First research results on responses to pole walking training were published in 1992 by Stoughton, Larkin and Karavan from the University of Oregon. They studied psychological profiles (mood states) as well as muscular and aerobic fitness responses before and after 12 weeks of exerstriding or walking training in sedentary women. Exertriding is a modified form of walking that incorporates the use of specially designed walking stick (Exertriders®) in a standard walking workout. This study group consisted of 86 20-50 year old women whose fitness was at moderate level. Maximal aerobic power (VO2max) varied between 34-37 ml/kg/min. A study group was divided into three sub-groups. Control group did remain all their exercise habits. Walking and Exertrider groups did walk 30-45 minutes four times a week at the intensity corresponding to the 70-85 % maximum heart rate for twelve weeks. In Exertrider group both the walking speed and the distance walked were slightly less than in the walking group.
The physiological responses to walking with and without Power Poles™ were studied by Hendrickson (1993) and by Porcari et al. (1997). Power Poles are specially constructed, rubber-tipped ski poles designed for use during walking. Hendrickson's study group consisted of sixteen fit women (VO2max 50 ml/kg/min) and men (59). They did walk with and without poles on a treadmill with the speeds of 6-7,5 km/h. There were no differences in the responses between males and females. It was found that the use of poles significantly increased oxygen uptake, heart rate and energy expenditure by approximately 20% compared to the walking without poles in fit subjects. In Porcari's study on 32 healthy men and women walking with poles resulted in an average of 23% higher oxygen uptake, 22% higher caloric expenditure and 16% higher heart rate responses compared to walking without poles an a treadmill. RPE values averaged 1,5 units higher with the use of poles and the pattern of responses was similar for men and women.
In a Norwegian study by Haugan and Sollesnes (2003) 16 sports students (22 yrs) were measured in a laboratory walking at the speeds of 5.5, 6.0 and 6.5 km/h with or without poles on an elevated treadmill (17%). Half of the subjects were cross-country skiers. Oxygen uptake increased significantly at all speeds when using poles in walking in others, but not in c-c skiers.
Nordic Walking has also been under study in The Netherlands. Lande et al. did publish in 2003 a systematic review of the physiological effects of pole walking.
Parkkari et al. (2004) did evaluate injury risk in various commuting and lifestyle activities in a cohort of 3657 15-74-year old Finns. The individual injury risk per exposure time was overall relatively low, ranging from 0.19 to 1.5 per 1000 hours of participation. Highest risk in all recreational and competitive sports was in squash (18.3) , judo (16.3) and orienteering (13.6). In Nordic Walking (pole walking) the risk was 1.7. In the cohort 11 % participated actively this sports.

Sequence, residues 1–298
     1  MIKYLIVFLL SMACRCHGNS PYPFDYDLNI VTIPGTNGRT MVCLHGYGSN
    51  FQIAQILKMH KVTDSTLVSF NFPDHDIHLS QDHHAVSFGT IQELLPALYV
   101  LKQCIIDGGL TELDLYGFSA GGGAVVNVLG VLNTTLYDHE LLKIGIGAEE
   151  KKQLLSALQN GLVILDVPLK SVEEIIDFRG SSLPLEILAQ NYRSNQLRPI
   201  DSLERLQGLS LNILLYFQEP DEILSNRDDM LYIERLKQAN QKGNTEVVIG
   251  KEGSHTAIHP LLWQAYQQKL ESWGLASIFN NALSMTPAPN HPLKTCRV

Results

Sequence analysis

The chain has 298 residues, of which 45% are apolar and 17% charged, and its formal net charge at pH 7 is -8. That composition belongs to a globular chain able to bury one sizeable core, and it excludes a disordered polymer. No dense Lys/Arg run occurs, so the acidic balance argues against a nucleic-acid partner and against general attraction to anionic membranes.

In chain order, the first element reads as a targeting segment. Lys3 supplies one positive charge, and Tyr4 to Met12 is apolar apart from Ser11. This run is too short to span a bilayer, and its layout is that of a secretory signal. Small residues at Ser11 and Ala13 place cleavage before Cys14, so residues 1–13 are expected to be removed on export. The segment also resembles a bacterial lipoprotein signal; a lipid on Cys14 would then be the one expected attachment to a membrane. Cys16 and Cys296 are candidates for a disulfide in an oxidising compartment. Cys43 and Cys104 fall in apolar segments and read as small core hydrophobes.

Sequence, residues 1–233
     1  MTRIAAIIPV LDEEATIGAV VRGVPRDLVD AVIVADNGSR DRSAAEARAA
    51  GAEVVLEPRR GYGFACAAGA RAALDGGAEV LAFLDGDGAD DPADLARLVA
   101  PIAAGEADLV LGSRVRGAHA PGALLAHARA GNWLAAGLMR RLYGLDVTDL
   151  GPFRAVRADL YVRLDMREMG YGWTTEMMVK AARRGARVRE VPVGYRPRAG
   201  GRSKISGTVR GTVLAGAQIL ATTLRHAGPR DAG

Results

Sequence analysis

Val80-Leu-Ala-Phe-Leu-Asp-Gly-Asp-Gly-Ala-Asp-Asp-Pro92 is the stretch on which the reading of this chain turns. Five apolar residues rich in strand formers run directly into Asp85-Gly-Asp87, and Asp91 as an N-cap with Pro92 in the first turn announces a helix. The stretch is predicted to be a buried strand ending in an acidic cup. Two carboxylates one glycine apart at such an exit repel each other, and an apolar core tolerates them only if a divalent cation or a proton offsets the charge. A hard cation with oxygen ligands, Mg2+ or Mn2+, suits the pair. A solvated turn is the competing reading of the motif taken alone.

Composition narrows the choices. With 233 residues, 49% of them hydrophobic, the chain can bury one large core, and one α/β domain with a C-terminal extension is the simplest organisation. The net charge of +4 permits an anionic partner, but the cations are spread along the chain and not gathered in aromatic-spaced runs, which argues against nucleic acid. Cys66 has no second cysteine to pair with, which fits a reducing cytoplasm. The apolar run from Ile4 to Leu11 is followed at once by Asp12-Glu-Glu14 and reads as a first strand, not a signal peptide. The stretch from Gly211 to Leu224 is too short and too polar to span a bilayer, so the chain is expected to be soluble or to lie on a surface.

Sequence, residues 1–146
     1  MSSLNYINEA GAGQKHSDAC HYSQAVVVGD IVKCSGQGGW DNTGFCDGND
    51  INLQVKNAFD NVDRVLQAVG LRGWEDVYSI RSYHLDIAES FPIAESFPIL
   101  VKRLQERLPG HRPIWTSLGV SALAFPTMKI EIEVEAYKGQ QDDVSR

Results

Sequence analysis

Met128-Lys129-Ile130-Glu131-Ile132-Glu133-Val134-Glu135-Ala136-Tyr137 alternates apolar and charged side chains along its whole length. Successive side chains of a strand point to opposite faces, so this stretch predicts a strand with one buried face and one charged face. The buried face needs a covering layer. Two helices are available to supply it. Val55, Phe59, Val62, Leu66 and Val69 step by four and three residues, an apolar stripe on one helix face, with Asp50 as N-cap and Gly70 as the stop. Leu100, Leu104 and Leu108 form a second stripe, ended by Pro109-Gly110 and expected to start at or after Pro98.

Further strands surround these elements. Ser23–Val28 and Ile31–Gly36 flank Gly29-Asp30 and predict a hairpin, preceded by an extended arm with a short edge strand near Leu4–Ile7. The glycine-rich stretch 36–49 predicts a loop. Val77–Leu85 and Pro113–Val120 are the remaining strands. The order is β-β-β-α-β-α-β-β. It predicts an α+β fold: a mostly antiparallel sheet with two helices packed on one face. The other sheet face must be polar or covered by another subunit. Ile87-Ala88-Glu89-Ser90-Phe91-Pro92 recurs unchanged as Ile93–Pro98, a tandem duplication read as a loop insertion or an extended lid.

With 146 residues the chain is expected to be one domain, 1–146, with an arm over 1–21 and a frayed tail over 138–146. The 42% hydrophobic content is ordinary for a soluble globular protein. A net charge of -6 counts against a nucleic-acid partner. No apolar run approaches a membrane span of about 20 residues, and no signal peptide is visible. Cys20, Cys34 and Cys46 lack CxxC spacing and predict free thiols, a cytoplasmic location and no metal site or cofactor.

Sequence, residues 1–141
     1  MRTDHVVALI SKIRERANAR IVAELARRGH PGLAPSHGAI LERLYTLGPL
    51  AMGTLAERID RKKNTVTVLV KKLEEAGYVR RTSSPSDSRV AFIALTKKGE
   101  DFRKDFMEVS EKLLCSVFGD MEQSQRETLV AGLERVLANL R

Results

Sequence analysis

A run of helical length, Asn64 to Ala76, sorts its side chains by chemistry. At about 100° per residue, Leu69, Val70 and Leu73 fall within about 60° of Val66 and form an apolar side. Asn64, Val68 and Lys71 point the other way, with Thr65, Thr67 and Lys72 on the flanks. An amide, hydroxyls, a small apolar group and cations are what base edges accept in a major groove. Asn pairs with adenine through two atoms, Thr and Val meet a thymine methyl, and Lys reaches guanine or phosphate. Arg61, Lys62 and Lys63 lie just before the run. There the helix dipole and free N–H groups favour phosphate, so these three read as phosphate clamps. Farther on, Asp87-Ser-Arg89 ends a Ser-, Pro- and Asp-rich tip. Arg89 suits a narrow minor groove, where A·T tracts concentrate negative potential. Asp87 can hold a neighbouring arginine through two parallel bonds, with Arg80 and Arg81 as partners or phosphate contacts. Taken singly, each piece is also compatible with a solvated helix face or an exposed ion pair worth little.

In a questionnaire study by Schmidt et al. (2004) 226 German adults (66% women) who practiced NW regularly were interviewed during winter 2003-2004. The average age was 52 yrs and BMI 25 kg/m2. The main motivation for NW was health, 12% wanted to test something new, 6% did it as an option for c-c skiing in summer. 71% worked out for arm and trunk muscles, 23% in order to reduce joint load. 54% would prefer to have a similar net of trails like those for hiking.
Nordic Walking has also been studied from the consumer perspective (Shove and Pantzar 2004). Authors conclude that popularity of the NW has arisen through the active and ongoing interaction of images, artifacts and forms of competence; a process in which both consumers and producers are both involved.
To summarize the acute physiological effects of Nordic walking, it increases the energy consumption of the body compared to regular walking with the same speed without poles both in women and men and in fit and less fit individuals. The increase is due to larger working muscle mass in the upper body. The increase varies individually according to walking speed and technique. If the speed is very fast, there is less time for efficient pushing off with poles and thus decreased upper body muscular involvement. Similarly to energy consumption the increase in heart rate is variable. Because perceived exertion in pole walking is often less than true physiological strain, controlling heart rate may beneficial for those tending to overreach. The resulting increases in energy consumption and heart rate in Nordic walking mean that the cardiovascular strain induced by Nordic walking is greater compared to walking without poles at the same speed. This is desirable for those people who have difficulty reaching their training heart rate by walking - instead of having to start running they can start using walking poles and continue walking. Walking involves less harmful impacts to the lower extremities compared to running, and therefore may prevent from injuries.
Aigner A, Ledl-Kurkowski E, Hörl S,Salzmann K. Effecte von Nordic Walking bzw. Normalen Gehen auf Herzfrequenz und atrerielle Laktatkonzentration. Österreichisches Journal fur Sportmedizin 34, H.3, 32-36, 2004.
Anttila, Holopainen, Jokinen. Polewalking and the effect of regular 12-week polewalking exercise on neck and shoulder symptoms, the mobility of the cervical and thoracic spine and aerobic capacity. Final project work for the Helsinki IV College for health care professionals, 1999.